SYDNEY: US soybeans rose on Thursday to hover below $16 a bushel, as investors looked for bargains following declines in the previous session when renewed concerns over the euro zone debt crisis and the record pace of the US harvest dragged on prices.
Corn, which hit a near three-month low on Wednesday, and wheat both climbed as well.
Chicago Board Of Trade November soybeans gained 0.48 percent to $15.80-1/2 a bushel, after closing down 2.39 percent on Wednesday.
December corn rose 0.21 percent to $7.26-1/4 a bushel, after falling 2.56 percent in the previous session.
December wheat climbed 0.4 percent to $8.72-3/4 a bushel, having closed up 1.95 percent on Wednesday.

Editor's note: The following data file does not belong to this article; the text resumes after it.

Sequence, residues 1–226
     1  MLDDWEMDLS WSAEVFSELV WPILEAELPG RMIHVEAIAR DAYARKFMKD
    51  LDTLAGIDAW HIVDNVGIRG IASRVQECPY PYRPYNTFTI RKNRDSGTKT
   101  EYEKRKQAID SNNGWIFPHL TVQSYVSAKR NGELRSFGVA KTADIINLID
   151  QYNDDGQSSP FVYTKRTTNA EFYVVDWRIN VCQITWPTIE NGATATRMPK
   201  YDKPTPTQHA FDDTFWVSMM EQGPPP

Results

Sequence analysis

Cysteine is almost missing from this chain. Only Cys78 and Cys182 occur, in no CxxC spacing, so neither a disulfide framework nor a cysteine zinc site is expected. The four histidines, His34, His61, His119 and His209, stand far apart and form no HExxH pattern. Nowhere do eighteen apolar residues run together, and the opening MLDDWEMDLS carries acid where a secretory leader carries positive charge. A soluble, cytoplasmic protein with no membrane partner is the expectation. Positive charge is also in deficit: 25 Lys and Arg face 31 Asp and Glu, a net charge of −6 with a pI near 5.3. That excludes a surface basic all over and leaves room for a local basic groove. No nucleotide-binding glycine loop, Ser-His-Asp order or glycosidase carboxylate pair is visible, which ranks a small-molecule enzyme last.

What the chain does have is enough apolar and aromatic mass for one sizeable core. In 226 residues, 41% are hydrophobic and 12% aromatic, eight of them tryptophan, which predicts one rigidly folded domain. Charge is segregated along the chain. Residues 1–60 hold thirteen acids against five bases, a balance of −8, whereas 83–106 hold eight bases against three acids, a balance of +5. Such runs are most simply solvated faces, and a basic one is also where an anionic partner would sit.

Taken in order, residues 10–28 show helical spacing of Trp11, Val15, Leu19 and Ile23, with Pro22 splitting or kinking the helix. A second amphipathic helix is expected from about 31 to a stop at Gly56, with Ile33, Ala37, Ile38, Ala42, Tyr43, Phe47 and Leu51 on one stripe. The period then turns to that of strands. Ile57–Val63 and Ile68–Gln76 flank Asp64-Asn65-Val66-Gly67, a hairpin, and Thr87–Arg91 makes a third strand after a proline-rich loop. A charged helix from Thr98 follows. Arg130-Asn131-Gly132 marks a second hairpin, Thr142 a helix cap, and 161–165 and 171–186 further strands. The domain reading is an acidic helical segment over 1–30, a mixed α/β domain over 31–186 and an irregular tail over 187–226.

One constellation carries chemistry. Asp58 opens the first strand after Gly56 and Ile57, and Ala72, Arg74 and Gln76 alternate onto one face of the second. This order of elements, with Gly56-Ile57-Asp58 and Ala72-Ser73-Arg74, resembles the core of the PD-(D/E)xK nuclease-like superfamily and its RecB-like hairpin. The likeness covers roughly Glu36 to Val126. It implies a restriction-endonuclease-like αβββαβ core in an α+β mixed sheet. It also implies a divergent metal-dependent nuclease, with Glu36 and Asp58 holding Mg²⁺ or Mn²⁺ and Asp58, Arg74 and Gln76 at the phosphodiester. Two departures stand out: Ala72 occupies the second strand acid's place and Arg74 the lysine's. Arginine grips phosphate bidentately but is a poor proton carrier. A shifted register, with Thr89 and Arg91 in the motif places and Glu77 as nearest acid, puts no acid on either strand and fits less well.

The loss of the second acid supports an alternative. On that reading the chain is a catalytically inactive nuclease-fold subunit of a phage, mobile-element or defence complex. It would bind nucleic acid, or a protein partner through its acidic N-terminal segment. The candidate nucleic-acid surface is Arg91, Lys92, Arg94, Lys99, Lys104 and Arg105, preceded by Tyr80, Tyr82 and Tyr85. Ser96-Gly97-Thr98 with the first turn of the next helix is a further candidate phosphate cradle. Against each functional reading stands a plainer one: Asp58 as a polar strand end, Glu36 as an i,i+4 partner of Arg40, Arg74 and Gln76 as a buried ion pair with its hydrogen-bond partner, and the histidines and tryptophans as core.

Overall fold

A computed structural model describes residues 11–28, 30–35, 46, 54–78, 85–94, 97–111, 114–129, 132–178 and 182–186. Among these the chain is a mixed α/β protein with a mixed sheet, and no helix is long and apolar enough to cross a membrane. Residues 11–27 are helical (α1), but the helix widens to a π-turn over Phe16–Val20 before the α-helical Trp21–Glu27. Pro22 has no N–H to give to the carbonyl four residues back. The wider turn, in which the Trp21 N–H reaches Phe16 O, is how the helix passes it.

Corn futures were weighed by US crude oil falling 1.5 percent and ethanol production in the United States slumping 3 percent last week to a two-month low.
Analysts polled by Reuters expect US corn and soybean stocks as of Sept. 1 to be the lowest in eight years at the end of the 2011/12 season (Sept/Aug).
China's corn imports are expected to drop just over 60 percent next year, according to a Reuters poll.
Egypt's state grains buyer purchased 300,000 tonnes of Romanian and French wheat in a snap tender.
It did not buy any wheat from Russia, which has been a major supplier to the country in the past month.
The absence of Russian wheat sales could reinforce speculation that one of the world's top wheat exporters is running out of supplies for export after a drought slashed its harvest this year.